Unfortunately there is shame in almost everything about the Crimean War. The military incompetence, jingoism, casual racism, and snobbery are all qualities the British public would rather forget, and yet these are exactly the aspects of the Crimean War highlighted in its one modern representation in the cinema. Tony Richardson’s 1968 film The Charge of the Light Brigade is a brutally satirical account of the Crimean expedition up to the Battle of Balaklava, and while its stylish anti-war message won it six BAFTA nominations, it is scarcely surprising that it failed to recoup even half its original budget at the box office. The film is remorselessly negative, concentrating on the fictional frolics of Nolan, Cardigan, and Mrs Duberly within the context of a stiflingly class-ridden and incompetent army, and the dominant images are the recurrent animations based on Punch cartoons which exhibit British nationalism at its worst.
There is truth in all of Richardson’s criticisms. The cartoons of British Lion and Russian Bear, for instance, were indeed used to whip up aggressive war fever in Britain, and the iconography has become so deeply embedded in the national consciousness that modern cartoonists like Dave Brown of the Independent have been able to adapt them to the current Crimean crisis in full confidence that readers will recognize them for what they are (Fig. 9).
Yet these images are only part of the truth, and to let them define the Crimean War would be as wrong as to define the First World War by the early caricatures of murderous Huns. Demonizing by race played no part in the famous Christmas truces of 1914 and 1915, but such fraternization was almost a regular occurrence in Crimea. Rival picquets left messages and gifts for each other, opposing artillery teams set secret competitions, and Russell even records a friendly encounter which ended with a Russian calling out, ‘Français, Anglais, Russes, nous sommes tous amis’ (p. 211).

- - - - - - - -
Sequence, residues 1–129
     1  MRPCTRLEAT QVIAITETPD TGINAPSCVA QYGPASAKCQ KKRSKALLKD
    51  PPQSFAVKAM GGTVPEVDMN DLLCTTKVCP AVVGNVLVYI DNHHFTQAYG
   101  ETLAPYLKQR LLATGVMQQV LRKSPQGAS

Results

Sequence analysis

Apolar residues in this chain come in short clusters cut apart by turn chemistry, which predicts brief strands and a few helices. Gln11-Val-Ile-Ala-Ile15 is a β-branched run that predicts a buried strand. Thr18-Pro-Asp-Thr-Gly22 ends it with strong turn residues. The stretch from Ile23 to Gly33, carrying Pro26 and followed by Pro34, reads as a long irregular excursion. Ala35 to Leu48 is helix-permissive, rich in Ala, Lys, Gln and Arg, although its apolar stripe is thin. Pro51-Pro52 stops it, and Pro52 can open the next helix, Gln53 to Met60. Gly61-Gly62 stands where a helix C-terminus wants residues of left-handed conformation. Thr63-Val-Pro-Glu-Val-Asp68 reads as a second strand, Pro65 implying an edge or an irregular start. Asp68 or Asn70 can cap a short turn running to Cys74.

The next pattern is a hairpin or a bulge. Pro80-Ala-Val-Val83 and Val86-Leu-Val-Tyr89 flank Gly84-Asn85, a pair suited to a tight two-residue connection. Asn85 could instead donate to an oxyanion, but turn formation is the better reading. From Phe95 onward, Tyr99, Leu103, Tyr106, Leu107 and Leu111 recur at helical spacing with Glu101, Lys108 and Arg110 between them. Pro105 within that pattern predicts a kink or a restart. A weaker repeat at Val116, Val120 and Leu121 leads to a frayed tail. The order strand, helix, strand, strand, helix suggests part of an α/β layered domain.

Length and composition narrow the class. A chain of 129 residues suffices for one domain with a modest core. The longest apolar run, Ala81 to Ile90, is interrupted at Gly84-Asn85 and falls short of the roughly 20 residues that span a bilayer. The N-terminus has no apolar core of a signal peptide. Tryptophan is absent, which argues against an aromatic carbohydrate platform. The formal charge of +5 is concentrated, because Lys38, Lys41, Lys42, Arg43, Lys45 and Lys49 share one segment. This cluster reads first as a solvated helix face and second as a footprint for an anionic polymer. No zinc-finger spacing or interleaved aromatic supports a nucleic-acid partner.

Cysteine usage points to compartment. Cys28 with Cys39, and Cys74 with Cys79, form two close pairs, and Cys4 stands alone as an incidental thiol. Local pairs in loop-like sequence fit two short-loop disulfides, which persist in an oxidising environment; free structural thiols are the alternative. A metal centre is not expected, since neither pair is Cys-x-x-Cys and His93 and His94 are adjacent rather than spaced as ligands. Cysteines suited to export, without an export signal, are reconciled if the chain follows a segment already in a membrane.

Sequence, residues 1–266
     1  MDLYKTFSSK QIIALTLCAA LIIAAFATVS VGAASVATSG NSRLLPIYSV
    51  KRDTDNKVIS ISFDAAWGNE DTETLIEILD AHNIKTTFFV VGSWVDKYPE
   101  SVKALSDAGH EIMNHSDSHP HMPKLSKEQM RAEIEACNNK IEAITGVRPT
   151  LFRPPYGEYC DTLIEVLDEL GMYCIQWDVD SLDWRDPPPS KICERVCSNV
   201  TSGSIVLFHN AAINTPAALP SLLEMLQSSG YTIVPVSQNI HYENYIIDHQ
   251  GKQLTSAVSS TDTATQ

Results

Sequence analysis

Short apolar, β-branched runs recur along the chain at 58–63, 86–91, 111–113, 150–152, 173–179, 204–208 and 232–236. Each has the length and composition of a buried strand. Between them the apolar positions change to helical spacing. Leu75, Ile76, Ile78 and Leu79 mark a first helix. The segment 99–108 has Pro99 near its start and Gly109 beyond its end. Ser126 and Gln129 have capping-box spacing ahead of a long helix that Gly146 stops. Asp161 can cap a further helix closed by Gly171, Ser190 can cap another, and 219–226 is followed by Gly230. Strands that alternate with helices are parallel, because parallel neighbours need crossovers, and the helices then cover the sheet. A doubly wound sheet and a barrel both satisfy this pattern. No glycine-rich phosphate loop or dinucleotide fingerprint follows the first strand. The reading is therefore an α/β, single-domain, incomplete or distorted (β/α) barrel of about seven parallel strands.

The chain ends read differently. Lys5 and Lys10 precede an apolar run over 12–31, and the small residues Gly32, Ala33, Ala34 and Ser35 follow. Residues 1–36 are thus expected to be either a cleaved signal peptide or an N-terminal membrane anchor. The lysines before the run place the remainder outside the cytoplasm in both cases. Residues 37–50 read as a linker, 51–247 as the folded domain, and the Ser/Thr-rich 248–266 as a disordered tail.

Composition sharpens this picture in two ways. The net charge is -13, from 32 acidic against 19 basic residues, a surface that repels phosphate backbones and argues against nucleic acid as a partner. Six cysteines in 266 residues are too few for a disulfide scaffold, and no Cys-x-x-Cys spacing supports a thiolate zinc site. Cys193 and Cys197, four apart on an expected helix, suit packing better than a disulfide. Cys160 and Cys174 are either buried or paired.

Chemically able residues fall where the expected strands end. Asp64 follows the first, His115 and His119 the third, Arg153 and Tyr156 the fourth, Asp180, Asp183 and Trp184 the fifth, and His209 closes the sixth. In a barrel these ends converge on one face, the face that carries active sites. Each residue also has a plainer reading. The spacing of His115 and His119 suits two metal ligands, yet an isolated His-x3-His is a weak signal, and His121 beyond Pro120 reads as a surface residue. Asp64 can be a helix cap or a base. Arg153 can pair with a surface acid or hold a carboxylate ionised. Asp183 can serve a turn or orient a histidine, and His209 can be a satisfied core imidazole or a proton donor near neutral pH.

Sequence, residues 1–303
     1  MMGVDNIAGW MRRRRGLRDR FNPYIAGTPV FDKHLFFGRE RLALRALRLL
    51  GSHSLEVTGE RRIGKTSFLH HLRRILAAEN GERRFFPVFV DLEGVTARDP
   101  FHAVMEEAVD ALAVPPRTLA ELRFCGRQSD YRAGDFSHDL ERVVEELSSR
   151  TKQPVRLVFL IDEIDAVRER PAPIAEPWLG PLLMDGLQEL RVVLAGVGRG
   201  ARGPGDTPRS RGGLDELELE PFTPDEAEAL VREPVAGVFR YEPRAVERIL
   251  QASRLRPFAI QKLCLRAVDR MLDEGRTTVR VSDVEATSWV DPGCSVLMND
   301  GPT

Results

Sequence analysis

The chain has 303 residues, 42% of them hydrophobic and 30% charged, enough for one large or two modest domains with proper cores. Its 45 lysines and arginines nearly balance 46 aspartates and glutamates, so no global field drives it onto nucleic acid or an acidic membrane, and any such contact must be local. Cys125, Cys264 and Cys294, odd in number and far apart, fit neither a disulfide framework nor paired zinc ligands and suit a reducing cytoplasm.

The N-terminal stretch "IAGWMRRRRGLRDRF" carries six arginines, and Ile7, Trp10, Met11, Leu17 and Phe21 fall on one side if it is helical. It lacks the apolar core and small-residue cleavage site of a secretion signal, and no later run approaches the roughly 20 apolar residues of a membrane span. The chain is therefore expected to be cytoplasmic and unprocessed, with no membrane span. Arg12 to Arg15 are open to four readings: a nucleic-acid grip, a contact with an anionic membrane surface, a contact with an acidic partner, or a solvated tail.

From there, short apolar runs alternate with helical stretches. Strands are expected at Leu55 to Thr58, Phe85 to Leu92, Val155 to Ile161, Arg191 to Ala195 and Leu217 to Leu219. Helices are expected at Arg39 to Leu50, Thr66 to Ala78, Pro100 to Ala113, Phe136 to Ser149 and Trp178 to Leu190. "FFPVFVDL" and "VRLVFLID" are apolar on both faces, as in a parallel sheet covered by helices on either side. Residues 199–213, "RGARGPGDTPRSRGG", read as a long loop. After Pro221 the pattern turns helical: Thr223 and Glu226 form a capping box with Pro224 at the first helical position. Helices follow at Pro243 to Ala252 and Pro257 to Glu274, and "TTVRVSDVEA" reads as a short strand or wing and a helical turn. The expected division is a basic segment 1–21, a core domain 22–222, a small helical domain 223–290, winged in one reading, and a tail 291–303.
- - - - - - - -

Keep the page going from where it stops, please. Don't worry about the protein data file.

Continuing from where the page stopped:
Indeed, there is more truth in that quotation than Punch would have cared to admit, for the real racism in Crimea was directed less against the Russians than against Britain’s own supposed allies, the Turks. Timothy Gowing wrote that ‘we were going out to defend a rotten cause, a race that almost every Christian despises’, and after the Turks’ unfairly perceived failure at the Battle of Balaklava, this initial grumbling Islamophobia expressed itself in open contempt (p. 18). Somerset Calthorpe describes yet another incident of fraternization in which the following exchange took place:
1st Russian soldier: ‘Englise bono!’ 1st English soldier: ‘Ruskie bono!’ 2nd Russian soldier: ‘Francis bono!’ 2nd English soldier: ‘Bono!’ 3rd Russian soldier: ‘Oslem no bono!’ 3rd English soldier: ‘Ah, ah! Turk no bono!’ 1st Russian soldier: ‘Oslem!’ making a face, and spitting on the ground, to show his contempt.25
The race issue is therefore far more complex than Richardson’s film suggests, and while British soldiers were happy to hate the ‘despot’ of the Tsar, there was little active hostility towards either Russia or Russians. This was even more so with the officers, and Calthorpe relates one particular incident when Admiral Dundas sent his opposite number a Cheshire cheese rather than a roundshot, because they had been friends in Athens before the war (p. 207).
But as with race, so with class, and Richardson’s film predictably presents the class system in Britain’s army at its hidebound and snobbish worst. Again, there is undeniable truth in the charge, and Lt Col Frederick Dallas doubtless spoke for others when he wrote in a letter home: ‘As regards ourselves, I find what I always expected and knew: that gentlemen can bear discomfort and privation better than the lower orders.’26 But Dallas wrote this on 16 September, and as the siege wears on we see his attitude change. Even by 26 November he writes with every appearance of sincerity: ‘The greatest trial here is seeing the sufferings of our men, without in any way being able to alleviate them. They are positively worked to death’ (p. 51).